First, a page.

Stream Restoration Handbook Preface
"Water is the most critical resource issue of our lifetime and our children's lifetime. The health of our waters is the principal measure of how we live on the land"
— Luna Leopold
Restoration practitioners share simultaneously in the good fortune and responsibility of participating in a new endeavor -- stepping beyond the current concept of natural resources conservation to a newer concept of restoring the living environment to an ecologically viable condition -- to create places that improve rather than degrade over time. Oliver Wendell Holmes once said, "A mind stretched by a new idea can never go back to its original dimension." This document is a result of an unprecedented cooperative effort among fifteen Federal agencies and partners to produce a common reference on stream corridor restoration. It responds to a growing national and international public interest in restoring stream corridors. Increasingly, feature articles, case studies, and published papers focus on stream corridors as critical ecosystems in our living environment. The recent 25th anniversary of the Clean Water Act also has helped focus attention on stream corridor restoration. This document encapsulates the rapidly expanding body of knowledge related to stream corridors and their restoration. It makes no endorsement of one particular approach to restoration over another; nor is it intended as a policy document of any participating Federal agency. It includes the full range of possibilities facing restoration practitioners, including no action or passive approaches, partial intervention for assisted recovery, and substantial intervention for managed recovery.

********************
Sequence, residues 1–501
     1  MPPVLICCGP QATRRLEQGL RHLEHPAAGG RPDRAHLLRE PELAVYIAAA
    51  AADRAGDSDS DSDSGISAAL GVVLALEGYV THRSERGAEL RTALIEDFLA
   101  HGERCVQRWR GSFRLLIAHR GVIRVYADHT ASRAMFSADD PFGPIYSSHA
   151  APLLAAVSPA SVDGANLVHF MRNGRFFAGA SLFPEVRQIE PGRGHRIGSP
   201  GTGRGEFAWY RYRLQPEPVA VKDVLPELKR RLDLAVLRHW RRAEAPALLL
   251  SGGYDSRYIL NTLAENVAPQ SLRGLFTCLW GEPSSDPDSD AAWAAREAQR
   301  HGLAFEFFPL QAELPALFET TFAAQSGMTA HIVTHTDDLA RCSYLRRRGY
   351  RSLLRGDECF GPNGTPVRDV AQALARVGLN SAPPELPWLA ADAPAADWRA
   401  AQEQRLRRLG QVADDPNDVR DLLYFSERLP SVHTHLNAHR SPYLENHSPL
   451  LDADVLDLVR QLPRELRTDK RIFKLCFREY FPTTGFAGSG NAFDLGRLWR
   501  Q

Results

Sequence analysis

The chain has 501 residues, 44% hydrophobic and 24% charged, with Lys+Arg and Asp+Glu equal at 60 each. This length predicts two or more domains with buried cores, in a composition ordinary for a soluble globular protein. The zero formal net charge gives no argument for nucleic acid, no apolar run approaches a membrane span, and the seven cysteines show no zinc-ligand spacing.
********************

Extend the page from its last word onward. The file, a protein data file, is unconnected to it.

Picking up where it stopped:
A product of the Clean Water Action Plan is the demonstration of stream corridor restoration technology in National Showcase Watersheds.
The document encourages locally led, public involvement in restoration planning and implementation. The challenges in restoring thousands of miles of degraded stream corridors must involve the participation of government agencies, public and private landowners, permit holders, and local volunteer, civic, and conservation groups and individuals. We encourage users of this document to supplement it with new literature, and regionally or locally specific information. We encourage restoration practitioners to share new information and case studies with others to advance the art and science of stream corridor restoration.
We intend for the contents of this document to both entice and challenge the reader by what they suggest --not only work to be studied and expanded, but work to be initiated. The dedication of those who contributed to its production will emerge on the landscape as restored, productive stream corridors, as the document provokes further interest, thought, and continued cooperative action.
— From the Federal Interagency Stream Restoration Working Group